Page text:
Rac­ing The Big Ones

Soundings - - Captain’s Table - BY CAPT. LOU BOUDREAU

Surely, above all, the sights and sounds of a fine schooner at sea move the spirit of man. The move­ment of her hull through the wa­ter is the sea­man’s bal­let. The wind fill­ing her sails is the sailor’s aria, and the love that a mariner feels for a ship is the same as for a beloved.

Per­haps more than most coastal folk, we Nova Sco­tians know this. There is a sense of the ocean here in sea­farer coun­try. We are now, and al­ways have been, a sea peo­ple, born to a legacy of great schooners and strong, ad­ven­tur­ers who loved and un­der­stood the ocean. Our fore­fa­thers built ships and sailed them from this coast since the very be­gin­ning, and even those of us who claim to be lands­men have an un­cle, grand­fa­ther or dis­tant cousin who went to sea. We were fa­mous schooner men in days gone by, and when peo­ple talked of us, the words were spo­ken with re­spect. Fine sail­ing ships were born on this coast, and our her­itage is just as surely steeped in the salty At­lantic as it is rooted in the soil.

I left Nova Sco­tia on one of my fa­ther’s schooners when I was but 1 year old to live a life be­fore the mast. As a young lad grow­ing up in the West Indies, I was lucky to have a fa­ther who was in the wind­jam­mer cruise busi­ness. In fact, my fa­ther, Capt. Wal­ter, was a pioneer in the in­dus­try. He, along with Lou Kennedy and Irv­ing John­son, re­ally started the whole thing af­ter World War II. They were able to buy large sail­ing yachts for a few thou­sand dol­lars, and there seemed to be an end­less sup­ply of folks will­ing to pay to sail the un­spoiled Caribbean on them.

At one time, in the late Six­ties and early Sev­en­ties, we owned two re­mark­able sail­ing ves­sels, Ra­mona and Le Voyageur. Both were steel Her­reshoff schooners built in 1918 and 1921, re­spec­tively. Lovely 138-foot schooners with 24-foot beams and about 15 feet of draft, each had a lead ballast keel of more than 50 tons. They were lux­u­ri­ous and they were fast. Both were weath­erly and ex­cel­lent in light airs. With a good deck gang, the two schooners han­dled well, and un­like some of their cousins, tacked eas­ily.

The Ra­mona set a record in the Transpac race some years prior to our own­er­ship, log­ging some 367 nau­ti­cal miles in 24 hours. The Le Voyageur, un­der her pre­vi­ous name,

Ma­ri­ette, was the only schooner other than the famed Bluenose to beat the great Amer­i­can chal­lenger Gertrude L. The­baud (1930). Much later, I was her cap­tain for a time.

The two schooners, although 100 per­cent alike in hull shape, ton­nage, rud­der and ballast, had dif­fer­ent rigs. The Ra­mona was gaff rigged, and the Le Voyageur, Mar­coni.

Ra­mona’s gaff rig was slightly larger in to­tal square footage, and her main was big­ger. The Voyageur’s fish­er­man top­sail, which flew above the main stay­sail, was much larger than the Ra­mona’s. The Voyageur’s larger bal­loon jib also was big­ger than the Ra­mona’s tra­di­tional jib top­sail.

Ev­ery year be­fore the start of the win­ter char­ter sea­son, the two schooners would be an­chored at their home­port of Marigot Bay, St. Lu­cia, and my fa­ther and an­other cap­tain would select and train their crews for the up­com­ing sea­son. This in­volved a num­ber of train­ing days up and down the coast. What bet­ter way to put a shine on a new gang than to let them race? And race, we did.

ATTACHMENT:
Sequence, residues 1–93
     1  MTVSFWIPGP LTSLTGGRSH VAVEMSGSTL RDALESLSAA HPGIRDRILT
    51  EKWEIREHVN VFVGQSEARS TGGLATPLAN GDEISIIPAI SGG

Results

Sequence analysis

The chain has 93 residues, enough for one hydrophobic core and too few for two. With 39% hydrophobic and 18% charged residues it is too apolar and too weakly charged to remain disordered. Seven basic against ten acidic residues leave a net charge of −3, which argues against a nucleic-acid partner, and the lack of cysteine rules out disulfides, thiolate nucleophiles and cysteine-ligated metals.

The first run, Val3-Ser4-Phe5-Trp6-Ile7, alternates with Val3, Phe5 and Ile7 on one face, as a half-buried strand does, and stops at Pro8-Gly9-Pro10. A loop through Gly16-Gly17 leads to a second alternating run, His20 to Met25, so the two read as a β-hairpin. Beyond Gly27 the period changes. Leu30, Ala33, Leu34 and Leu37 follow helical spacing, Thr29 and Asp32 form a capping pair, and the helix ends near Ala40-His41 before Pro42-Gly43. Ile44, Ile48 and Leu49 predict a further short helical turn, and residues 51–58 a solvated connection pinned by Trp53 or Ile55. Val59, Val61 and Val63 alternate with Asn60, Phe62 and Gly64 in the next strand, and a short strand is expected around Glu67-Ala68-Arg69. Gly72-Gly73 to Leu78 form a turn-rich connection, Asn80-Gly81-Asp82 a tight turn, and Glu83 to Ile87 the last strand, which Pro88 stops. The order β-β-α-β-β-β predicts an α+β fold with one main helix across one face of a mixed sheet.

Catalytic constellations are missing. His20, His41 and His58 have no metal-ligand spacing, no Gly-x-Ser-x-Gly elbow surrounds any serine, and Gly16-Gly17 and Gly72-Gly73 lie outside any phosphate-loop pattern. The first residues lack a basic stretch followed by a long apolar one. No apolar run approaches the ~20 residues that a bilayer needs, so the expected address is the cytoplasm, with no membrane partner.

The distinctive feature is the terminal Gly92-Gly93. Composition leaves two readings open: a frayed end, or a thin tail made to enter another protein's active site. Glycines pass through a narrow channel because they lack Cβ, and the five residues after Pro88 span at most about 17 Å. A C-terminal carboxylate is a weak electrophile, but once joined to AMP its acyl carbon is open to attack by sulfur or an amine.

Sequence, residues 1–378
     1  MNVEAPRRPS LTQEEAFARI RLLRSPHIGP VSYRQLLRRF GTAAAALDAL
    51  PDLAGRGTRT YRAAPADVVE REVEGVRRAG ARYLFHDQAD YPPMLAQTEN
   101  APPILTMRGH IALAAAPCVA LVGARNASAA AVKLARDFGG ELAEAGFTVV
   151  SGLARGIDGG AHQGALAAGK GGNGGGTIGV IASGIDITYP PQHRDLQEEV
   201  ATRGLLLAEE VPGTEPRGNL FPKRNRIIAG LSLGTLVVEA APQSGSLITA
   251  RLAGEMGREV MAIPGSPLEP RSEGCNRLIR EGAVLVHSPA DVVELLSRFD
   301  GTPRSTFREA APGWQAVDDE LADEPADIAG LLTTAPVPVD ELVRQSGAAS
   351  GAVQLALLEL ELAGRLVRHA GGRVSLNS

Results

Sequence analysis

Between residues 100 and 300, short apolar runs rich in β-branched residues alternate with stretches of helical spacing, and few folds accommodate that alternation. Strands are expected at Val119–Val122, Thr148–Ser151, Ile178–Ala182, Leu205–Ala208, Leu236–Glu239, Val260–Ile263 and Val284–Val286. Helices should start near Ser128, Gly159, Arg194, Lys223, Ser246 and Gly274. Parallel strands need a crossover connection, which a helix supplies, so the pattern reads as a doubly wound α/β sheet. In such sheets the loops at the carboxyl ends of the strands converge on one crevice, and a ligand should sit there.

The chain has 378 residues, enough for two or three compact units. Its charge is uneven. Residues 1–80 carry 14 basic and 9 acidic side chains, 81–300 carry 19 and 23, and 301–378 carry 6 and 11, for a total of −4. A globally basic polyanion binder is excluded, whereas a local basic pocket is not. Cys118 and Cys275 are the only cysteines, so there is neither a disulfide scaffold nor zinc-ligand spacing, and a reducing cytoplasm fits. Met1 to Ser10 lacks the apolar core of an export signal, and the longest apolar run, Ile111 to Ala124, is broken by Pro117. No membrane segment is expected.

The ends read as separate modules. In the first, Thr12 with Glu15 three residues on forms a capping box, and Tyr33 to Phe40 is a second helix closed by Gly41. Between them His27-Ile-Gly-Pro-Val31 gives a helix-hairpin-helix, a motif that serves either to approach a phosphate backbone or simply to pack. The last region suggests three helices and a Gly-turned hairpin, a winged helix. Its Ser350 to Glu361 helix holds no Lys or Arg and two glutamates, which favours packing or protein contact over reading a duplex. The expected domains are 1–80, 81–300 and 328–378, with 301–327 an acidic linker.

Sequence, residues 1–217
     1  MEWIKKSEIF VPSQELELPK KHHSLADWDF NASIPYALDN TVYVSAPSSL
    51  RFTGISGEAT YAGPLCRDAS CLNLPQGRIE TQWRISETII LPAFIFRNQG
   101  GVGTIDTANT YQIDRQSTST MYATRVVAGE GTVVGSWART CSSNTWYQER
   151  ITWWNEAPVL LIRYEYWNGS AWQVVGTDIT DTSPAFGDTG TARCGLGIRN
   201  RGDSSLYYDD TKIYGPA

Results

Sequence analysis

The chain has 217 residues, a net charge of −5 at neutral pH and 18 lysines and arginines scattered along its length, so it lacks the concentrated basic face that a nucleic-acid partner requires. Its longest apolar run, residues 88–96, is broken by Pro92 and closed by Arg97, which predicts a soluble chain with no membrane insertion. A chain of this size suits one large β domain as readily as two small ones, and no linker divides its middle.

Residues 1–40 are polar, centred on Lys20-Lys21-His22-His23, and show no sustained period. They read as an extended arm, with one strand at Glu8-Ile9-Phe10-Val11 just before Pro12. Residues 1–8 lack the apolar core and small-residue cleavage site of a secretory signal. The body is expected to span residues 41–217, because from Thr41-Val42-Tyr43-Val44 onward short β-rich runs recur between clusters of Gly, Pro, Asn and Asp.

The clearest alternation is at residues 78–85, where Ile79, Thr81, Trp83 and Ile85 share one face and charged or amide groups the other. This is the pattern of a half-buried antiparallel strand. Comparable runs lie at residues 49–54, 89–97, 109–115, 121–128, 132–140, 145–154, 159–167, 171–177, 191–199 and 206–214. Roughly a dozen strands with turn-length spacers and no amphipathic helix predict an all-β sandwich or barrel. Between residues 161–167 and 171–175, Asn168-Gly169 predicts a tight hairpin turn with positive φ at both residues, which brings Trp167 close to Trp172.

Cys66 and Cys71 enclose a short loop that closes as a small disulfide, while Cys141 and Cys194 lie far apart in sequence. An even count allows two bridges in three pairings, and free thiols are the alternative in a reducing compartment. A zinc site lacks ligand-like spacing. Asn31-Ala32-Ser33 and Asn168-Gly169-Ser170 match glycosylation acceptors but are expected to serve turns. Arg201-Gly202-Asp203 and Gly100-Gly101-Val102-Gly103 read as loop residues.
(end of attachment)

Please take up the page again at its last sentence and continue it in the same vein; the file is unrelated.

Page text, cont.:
Dawn saw us up and get­ting ready for sea,

lay­ing out the run­ning rig­ging and hoist­ing boats. Ties were taken out of top­sails, and twine stops were put in the fish­er­man. We closed all port­holes, and then the two skip­pers would give the or­der, with a small cir­cu­lar mo­tion of their fin­gers, to heave an­chor.

The Ra­mona and Le Voyageur would round up to set sail in the lee of the is­land. They were an awe­some sight, these tall-sparred ocean Valkyries sail­ing close-hauled un­der full sail to the north and then run­ning down­wind to the west of the is­land. I was lucky enough to sail on both schooners over the train­ing pe­ri­ods. It was a thrill on those balmy is­land days to be aboard two of the finest schooners ever to grace the brisk trade winds.

We raced the two schooners a num­ber of times to the west of St. Lu­cia and into the Mar­tinique chan­nel. We com­pared them on all points, run­ning, off-reach­ing and close­hauled. Although the re­sults were slightly in

Ra­mona’s fa­vor, the schooners were a close match, with nei­ther tak­ing a big lead. The gaff-rigged Ra­mona did bet­ter on any point reach­ing or off the wind, while the Mar­conirigged Voyageur seemed to point a bit higher and was able to hold her speed a lit­tle closer to the wind. My rec­ol­lec­tion is that the Ra­mona was slightly ahead more of the time.

The sur­prise came when the skip­pers changed ships one day. My fa­ther, who had been sail­ing the Ra­mona, took the

Voyageur and gave Ra­mona to the younger cap­tain, Joel Dres­sel, who had been sail­ing the Voyageur. The Voyageur did bet­ter on that day. It was clear that the per­for­mance of two closely matched schooners de­pended on the skill and ex­pe­ri­ence of the skip­per.

Although I did not re­al­ize it back then, it was the only time that these two lovely Nathanael Greene Her­reshoff sis­ters would ever test each other in the warm wa­ters of the West Indies. I was truly a for­tu­nate young fel­low to have been a part of it.

Le Voyageur un­der sail. She was iden­ti­cal to her sis­ter­ship, ex­cept for her Mar­coni rig. Ra­mona sported a gaff rig.

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